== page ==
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  • Kelly Song

Ukraine's Environmental Developments

The recent breaking news of Russia invading Ukraine has been a truly devastating matter. With all the negative impacts being caused, the environment in Ukraine has taken a devastating plummet.


Ukraine's air quality has been greatly affected. In brief, their air quality wasn’t the best to begin with and has just gotten worse with the war and invasion. The main cause for this are Russia’s radioactive waste repositories, which “have the potential to leave not only immediate destruction, but a longer tail of polluted air [...]”, states Gregory Barber & Matt Simon, environmental writers at WIRED. Of course, polluted air definitely isn’t top priority with everything else taking place, but because of their already not-so-good air quality, more bombing and destruction could lead to a lot of toxic substances in the air. This is caused when large industrial buildings or sites are targeted; the heavy emissions or burning will lead to negative effects in the near future.



Missiles, shelling, and tank rounds are also a huge cause to the quality of their air degrading. With these explosives in sight, different materials and man-made resources are flying in the air. Things “from heavy metals in industrial sites to the concrete, cables, and piping in roads, to asbestos from buildings.” (Barber and Simon, WIRED). The thing that’s so scary with it is 1) Air pollution can shorten life expectancy as it increases the risk of developing various illnesses and diseases, and 2) the air quality won’t just be affected around places that are bombed. These bombings are so powerful that their effects will spread well beyond their original localisation.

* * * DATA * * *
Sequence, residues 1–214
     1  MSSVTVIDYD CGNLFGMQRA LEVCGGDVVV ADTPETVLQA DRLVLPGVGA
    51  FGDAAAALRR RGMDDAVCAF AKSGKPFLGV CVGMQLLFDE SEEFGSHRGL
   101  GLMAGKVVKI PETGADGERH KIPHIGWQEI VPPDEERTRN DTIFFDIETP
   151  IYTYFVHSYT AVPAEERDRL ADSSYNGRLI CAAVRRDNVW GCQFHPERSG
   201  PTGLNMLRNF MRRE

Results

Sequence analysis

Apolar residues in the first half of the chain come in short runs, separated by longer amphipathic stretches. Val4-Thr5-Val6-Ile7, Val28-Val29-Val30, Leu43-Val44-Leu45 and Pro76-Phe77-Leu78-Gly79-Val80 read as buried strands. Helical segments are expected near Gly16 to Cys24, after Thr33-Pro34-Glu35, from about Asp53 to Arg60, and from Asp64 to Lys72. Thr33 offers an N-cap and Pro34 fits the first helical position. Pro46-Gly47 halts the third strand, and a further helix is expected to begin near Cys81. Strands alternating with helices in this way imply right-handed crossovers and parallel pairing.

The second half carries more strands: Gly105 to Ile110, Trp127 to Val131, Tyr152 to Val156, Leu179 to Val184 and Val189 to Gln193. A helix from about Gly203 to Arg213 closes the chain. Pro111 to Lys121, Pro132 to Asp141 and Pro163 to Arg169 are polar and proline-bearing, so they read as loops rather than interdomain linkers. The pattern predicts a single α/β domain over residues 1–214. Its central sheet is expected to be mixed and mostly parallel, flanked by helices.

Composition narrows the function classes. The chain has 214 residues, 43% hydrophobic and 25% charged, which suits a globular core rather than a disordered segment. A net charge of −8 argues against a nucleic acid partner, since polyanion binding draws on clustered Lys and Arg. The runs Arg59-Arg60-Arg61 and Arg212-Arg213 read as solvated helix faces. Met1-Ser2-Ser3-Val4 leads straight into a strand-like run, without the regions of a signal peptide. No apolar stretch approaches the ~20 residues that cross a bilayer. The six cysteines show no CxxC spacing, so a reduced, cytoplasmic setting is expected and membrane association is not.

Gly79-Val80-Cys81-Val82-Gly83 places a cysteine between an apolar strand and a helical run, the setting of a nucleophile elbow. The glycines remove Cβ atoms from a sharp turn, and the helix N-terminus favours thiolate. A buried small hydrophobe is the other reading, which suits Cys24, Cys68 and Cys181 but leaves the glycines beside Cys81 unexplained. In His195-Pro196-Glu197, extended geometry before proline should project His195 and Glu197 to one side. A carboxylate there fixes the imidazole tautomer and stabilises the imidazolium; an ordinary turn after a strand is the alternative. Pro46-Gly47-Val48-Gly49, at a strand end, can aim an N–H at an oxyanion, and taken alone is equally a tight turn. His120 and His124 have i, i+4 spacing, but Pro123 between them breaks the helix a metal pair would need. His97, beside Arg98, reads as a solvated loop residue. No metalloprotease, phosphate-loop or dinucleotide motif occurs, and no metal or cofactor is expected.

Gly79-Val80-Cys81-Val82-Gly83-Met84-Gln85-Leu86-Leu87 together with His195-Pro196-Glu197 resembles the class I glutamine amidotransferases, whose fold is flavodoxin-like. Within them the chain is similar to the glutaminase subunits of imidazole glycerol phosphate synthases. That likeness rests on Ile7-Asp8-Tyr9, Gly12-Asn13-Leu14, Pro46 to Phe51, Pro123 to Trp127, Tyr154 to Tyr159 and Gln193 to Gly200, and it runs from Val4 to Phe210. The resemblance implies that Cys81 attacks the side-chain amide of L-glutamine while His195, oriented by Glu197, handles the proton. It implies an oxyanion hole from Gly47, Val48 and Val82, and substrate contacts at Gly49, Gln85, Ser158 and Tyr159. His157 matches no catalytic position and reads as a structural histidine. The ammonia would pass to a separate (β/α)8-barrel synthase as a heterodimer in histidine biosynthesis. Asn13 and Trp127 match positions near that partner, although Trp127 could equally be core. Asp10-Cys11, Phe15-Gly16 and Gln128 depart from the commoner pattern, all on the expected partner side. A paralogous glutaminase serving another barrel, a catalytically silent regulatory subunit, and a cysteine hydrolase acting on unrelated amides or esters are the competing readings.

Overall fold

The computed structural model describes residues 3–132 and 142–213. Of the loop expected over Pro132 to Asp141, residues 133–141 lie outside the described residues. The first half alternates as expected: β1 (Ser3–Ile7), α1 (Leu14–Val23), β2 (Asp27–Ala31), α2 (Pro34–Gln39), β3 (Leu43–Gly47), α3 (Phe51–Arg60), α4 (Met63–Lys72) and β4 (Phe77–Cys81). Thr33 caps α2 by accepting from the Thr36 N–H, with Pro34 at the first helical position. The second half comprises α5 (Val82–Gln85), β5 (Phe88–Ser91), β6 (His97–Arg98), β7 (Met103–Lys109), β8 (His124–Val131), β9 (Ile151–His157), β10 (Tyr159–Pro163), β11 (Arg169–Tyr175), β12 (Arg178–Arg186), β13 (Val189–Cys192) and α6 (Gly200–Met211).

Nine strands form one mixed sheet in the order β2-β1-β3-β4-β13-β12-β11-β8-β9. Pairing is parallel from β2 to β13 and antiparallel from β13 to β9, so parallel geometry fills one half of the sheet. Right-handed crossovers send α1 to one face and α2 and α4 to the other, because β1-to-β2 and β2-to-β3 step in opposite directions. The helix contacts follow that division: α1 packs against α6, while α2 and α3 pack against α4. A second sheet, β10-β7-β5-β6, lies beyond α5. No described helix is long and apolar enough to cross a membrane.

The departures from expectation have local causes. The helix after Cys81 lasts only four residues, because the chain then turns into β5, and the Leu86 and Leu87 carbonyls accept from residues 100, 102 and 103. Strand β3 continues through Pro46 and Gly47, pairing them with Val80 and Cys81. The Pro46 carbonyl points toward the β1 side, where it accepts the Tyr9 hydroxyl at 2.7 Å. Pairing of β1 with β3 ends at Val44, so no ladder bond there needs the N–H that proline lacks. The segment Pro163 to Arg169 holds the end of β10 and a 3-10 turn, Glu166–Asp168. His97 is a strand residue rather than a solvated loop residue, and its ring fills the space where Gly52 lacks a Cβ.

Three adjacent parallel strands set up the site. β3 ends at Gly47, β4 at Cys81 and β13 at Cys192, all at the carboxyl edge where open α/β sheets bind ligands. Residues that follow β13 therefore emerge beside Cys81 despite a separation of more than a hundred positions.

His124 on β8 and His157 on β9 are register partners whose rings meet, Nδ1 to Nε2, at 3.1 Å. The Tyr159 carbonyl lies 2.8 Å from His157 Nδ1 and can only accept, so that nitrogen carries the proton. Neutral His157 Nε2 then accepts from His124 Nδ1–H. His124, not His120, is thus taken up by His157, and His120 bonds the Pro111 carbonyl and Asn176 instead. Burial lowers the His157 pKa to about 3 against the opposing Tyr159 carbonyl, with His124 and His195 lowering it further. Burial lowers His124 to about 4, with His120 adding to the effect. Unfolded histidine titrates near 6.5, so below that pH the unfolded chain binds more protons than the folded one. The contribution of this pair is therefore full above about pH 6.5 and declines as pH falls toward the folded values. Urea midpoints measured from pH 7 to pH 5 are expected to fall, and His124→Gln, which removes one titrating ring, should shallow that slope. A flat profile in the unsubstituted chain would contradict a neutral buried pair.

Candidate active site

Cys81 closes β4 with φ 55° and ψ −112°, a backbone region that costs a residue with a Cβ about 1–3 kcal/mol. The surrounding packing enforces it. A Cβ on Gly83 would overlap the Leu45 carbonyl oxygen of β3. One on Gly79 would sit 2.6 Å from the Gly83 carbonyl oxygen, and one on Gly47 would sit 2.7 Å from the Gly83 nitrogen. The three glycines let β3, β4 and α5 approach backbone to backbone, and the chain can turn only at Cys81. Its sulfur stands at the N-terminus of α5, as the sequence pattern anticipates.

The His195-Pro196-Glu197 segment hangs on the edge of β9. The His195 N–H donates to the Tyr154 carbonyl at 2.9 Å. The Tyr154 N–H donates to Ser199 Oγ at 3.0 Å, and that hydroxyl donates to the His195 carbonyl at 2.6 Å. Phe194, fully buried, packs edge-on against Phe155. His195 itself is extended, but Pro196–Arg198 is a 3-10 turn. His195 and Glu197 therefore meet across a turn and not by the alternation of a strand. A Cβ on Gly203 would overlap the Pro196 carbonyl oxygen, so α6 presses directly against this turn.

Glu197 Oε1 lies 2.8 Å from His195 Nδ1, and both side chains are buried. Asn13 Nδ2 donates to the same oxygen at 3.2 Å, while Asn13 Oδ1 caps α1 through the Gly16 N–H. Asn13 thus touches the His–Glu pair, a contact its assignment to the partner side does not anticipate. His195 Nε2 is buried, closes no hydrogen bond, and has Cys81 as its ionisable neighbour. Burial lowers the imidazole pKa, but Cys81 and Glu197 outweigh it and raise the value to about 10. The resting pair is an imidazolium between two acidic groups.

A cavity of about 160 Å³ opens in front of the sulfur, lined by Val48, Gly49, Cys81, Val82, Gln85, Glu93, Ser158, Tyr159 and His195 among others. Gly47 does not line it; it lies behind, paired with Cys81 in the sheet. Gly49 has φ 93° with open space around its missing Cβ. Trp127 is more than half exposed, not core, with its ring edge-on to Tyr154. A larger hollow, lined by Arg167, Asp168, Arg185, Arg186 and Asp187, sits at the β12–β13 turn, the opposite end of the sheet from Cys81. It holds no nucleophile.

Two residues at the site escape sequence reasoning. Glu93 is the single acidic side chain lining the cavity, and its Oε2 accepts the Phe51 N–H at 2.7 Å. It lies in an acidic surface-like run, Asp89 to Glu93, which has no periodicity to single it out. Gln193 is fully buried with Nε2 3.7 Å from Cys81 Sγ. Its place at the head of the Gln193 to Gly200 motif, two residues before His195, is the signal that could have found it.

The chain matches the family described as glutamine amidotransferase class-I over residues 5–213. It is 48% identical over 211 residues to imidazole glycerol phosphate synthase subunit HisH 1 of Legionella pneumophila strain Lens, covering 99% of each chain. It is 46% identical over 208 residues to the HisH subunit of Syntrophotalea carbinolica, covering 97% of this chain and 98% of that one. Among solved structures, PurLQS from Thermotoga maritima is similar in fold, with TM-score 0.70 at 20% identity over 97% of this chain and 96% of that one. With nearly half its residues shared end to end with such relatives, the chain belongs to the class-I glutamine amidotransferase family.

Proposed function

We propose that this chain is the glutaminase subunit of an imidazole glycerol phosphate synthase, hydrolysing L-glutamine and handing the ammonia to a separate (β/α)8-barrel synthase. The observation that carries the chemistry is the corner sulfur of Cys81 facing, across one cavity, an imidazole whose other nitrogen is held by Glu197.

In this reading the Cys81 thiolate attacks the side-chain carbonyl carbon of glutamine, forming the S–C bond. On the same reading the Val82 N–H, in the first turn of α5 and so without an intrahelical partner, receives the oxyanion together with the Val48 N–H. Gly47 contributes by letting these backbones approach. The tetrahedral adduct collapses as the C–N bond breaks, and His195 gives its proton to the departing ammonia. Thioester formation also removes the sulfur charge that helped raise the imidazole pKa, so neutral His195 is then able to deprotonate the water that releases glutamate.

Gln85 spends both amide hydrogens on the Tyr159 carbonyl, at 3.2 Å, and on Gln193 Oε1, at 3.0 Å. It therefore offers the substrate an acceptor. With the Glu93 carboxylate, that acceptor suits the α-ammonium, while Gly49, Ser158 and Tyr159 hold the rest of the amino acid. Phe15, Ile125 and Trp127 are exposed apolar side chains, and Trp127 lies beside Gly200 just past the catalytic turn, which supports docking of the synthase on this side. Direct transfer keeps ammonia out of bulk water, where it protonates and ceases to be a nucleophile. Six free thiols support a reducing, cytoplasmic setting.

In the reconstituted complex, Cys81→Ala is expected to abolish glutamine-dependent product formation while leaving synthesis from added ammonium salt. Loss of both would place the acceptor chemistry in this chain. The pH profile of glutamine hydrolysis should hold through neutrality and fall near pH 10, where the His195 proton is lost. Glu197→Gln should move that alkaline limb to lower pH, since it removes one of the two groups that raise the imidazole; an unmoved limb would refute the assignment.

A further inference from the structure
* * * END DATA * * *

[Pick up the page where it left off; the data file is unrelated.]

Aside from air pollution, water contamination is also a problem. The toxic chemicals floating around in Ukraine’s natural water streams have started affecting their water quality. Again, the bombing and explosives are posing as a huge threat for local water supply and various water systems. This war is going to leave a huge imprint for soil and groundwater, and it’s going to get worse before it gets better.


Now, the question is, what can we do to help? Because we’re in Canada and don’t have direct contact with them, our help won’t leave a huge impact. However, there’s still a couple things we can do as a community!


  • Donate to charities/events that support the matter

  • Educate yourself about what’s happening

  • Don’t spread false information

  • Offer support where you can & when necessary!


It’s been hard to hear the news, but for now, it’s important we all try to offer support where we can, even if that means to simply read a short article about the news!


Sources

https://www.nytimes.com/2022/02/23/business/economy/russia-ukraine-energy-security-climate-change.html

https://www.wired.com/story/ukraine-is-in-an-environmental-crisis-too/


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